Unlocking The GMAT: Knowing The Target

Students Have Missing, Fragmented, or Underdeveloped Critical Thinking Skills

Although all students have solved math questions in high school or college, the math questions they face on the GMAT are different from the types of problems most students are familiar with. To solve them in the time allocated, GMAT math questions require much more sophistication and ingenuity. The same goes for GMAT verbal questions, which test grammar and logic in ways that most students have not encountered.

This critical thinking gap helps explain why, for example, even students with master’s degrees in mechanical engineering or finance struggle to earn above-average GMAT math scores. They may be proficient in most of the basic math tested on the GMAT, but they are likely missing the critical thinking skills necessary to solve GMAT math questions. The critical thinking gap also helps explain how an English major from an Ivy League university can earn a lackluster verbal score despite having a good command of the verbal content.

When students practice and master the key critical thinking skills that the GMAT rewards, and then combine these reasoning skills with the necessary content knowledge required, they can realize large improvements in their GMAT scores.

Students Make Predictable Cognitive Mistakes

As human beings, we are evolutionarily hardwired with certain brain processing mechanisms that leave us susceptible to making poor decisions during times of stress and uncertainty. Our brains tend to be naturally work-shy and try to conserve energy and resources whenever possible by using simple cues from our surroundings to help us make decisions. Unfortunately, this kind of lazy thinking is not optimal for making decisions in a modern world where complexity is often the rule, nor is it optimal for making decisions on standardized test questions such as the ones found on the GMAT, where pre-engineered trap answer choices can exploit our reflexes.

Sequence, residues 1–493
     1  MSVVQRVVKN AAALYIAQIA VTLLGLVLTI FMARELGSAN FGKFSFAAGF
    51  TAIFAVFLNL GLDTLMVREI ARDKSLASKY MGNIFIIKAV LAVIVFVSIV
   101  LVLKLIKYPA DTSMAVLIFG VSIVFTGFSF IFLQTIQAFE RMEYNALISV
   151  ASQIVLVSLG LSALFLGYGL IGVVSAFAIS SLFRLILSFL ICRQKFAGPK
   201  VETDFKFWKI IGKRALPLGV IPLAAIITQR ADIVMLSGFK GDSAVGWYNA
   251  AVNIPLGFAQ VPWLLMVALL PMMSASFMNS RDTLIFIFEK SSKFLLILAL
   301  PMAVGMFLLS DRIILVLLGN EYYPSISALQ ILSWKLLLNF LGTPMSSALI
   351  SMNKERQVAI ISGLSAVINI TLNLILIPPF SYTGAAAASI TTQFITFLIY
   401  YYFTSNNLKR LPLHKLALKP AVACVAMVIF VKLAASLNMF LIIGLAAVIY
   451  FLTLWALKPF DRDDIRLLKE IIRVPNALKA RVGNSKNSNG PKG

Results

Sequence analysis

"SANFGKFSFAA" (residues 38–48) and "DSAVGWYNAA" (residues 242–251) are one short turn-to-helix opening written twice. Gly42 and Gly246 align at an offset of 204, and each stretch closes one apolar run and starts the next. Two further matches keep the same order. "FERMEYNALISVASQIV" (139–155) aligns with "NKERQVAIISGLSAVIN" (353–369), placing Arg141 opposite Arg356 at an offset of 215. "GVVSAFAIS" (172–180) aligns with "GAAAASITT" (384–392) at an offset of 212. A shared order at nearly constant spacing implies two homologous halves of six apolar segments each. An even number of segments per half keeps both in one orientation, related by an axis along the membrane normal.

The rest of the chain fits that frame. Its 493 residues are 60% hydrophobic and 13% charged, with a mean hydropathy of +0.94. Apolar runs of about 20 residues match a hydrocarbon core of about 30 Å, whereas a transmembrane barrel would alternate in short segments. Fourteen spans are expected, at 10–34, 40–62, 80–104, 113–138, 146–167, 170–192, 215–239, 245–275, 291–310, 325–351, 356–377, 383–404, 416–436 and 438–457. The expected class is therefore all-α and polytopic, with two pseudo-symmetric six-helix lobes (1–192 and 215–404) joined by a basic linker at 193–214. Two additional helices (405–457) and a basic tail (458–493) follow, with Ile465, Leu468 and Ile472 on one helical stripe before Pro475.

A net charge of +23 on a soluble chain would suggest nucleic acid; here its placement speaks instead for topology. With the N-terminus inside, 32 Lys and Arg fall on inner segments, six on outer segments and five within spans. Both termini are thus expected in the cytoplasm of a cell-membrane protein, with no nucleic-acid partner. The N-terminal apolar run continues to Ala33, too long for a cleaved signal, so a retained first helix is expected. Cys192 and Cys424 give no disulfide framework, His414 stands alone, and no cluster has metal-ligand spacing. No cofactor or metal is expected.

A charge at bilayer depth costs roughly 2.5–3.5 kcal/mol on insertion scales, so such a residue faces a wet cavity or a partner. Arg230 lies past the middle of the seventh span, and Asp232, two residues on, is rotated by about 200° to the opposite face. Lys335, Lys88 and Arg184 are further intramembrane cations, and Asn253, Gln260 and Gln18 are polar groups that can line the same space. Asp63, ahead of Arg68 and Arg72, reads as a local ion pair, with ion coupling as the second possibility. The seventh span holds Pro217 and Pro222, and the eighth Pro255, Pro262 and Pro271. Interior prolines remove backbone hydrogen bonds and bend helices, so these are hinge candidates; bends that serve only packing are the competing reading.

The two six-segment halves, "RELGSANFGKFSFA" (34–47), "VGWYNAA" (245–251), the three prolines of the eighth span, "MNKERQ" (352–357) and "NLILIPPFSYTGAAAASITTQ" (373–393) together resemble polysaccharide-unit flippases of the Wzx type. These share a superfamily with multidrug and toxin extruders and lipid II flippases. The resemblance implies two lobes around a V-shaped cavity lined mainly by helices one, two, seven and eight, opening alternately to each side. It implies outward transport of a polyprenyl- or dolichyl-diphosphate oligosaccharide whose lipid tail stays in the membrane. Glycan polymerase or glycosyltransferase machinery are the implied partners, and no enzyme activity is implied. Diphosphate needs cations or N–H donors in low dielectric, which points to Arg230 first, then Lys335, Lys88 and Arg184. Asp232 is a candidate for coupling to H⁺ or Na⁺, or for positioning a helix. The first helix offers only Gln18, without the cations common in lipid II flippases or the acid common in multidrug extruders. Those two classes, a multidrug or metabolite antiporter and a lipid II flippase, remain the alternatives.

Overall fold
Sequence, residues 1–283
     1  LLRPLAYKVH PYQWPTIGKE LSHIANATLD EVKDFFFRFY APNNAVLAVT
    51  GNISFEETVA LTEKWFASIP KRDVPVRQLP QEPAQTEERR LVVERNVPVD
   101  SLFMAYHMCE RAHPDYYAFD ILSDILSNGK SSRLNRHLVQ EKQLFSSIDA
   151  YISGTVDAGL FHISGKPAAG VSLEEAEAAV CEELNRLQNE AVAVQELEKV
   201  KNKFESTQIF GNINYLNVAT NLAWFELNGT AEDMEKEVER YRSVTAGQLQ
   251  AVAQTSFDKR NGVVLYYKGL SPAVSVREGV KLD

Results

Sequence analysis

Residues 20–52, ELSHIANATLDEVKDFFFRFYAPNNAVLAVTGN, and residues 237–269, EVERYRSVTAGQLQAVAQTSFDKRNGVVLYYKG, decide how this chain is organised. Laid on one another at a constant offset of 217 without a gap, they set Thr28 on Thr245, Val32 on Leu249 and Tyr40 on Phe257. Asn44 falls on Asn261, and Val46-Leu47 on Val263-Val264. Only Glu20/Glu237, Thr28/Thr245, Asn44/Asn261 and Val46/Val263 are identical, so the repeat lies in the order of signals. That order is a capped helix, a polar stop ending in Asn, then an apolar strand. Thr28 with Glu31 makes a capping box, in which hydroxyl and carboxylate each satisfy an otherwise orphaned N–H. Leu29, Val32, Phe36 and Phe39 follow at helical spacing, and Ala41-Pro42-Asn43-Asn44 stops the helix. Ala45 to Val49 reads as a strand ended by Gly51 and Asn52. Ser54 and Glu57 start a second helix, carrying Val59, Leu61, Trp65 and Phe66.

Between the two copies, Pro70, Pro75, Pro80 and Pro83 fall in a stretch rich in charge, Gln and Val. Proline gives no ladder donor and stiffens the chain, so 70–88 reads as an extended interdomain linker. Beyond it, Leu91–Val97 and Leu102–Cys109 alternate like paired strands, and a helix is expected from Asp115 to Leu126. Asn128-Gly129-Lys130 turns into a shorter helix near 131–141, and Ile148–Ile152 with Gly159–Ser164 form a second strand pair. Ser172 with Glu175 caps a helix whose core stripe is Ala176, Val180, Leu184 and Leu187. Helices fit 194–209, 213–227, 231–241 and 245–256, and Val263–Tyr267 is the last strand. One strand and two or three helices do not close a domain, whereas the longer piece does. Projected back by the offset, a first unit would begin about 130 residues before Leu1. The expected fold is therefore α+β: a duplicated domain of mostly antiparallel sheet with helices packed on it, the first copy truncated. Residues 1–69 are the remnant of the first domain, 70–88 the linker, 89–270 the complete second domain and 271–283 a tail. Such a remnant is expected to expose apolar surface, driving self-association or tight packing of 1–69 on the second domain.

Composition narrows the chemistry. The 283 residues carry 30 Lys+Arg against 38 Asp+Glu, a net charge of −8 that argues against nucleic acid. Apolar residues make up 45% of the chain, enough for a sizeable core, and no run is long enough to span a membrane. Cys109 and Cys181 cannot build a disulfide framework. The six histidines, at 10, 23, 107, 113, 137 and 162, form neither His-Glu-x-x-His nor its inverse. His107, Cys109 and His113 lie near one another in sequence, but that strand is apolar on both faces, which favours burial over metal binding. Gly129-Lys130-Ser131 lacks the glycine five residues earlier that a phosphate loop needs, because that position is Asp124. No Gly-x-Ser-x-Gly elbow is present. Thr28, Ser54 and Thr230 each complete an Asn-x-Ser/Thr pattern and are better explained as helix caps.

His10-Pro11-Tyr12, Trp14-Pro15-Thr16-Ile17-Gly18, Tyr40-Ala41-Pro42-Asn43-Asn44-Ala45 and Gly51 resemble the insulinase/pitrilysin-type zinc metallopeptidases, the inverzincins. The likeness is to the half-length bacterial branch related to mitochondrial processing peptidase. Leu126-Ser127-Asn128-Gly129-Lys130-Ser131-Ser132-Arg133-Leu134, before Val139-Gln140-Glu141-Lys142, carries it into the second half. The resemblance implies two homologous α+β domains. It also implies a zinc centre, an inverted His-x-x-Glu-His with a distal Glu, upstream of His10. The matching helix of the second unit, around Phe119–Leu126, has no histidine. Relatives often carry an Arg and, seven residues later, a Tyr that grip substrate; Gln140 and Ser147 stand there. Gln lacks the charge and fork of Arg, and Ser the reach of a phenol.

When students naturally engage in this inattentive thinking on GMAT questions, they often make the easiest deduction possible. This deduction is often, if not always, incorrect. How many times have you confidently solved a GMAT problem, found your answer in the five choices, and confidently moved on only later to discover that you’d been wrong? Because most of the time students don’t realize they’ve fallen into unhelpful cognitive patterns, they are susceptible to the GMAT’s traps.

The good news is that students can be taught to understand the cognitive mistakes by which they might be ensnared on the GMAT; they can also be taught to recognize what lazy thinking looks and feels like. By providing students with a better understanding of how to make smart decisions under uncertainty, they gain a substantial competitive advantage over their peers who are unaware of how their brains function under these conditions.

Whatever Your Situation, You Can Improve Your GMAT Score

Whether you’re completely new to the GMAT or have been studying with limited success for some time, you can improve. The articles that follow in this series will be an essential part of your GMAT preparation, and will offer you some fresh perspectives on the GMAT. With Harvard Business School’s first round of applications for its class of 2018 just seven short months away, now is the perfect time to get moving on getting the GMAT done properly; when done correctly, the process takes more time than most expect, but if you play your hand properly, you can earn a competitive GMAT score. I’m going to show you how. I’m even going to show you that it can be a whole lot less stressful than you may imagine. I think you’ll find the journey exciting and empowering. Stay tuned, GMAT nation.


Scott Woodbury-Stewart

Scott Woodbury-Stewart

Scott Woodbury-Stewart is Founder and CEO of Target Test Prep, one of the fastest growing GMAT test prep firms on the market. Scott is writing a special four-part series for Poets&Quants with advice for the GMAT, and he and his team can be contacted for a personal consultation.

Four Common GMAT Personalities

Case Study One: Monica – The English Major – High Verbal/Low Quant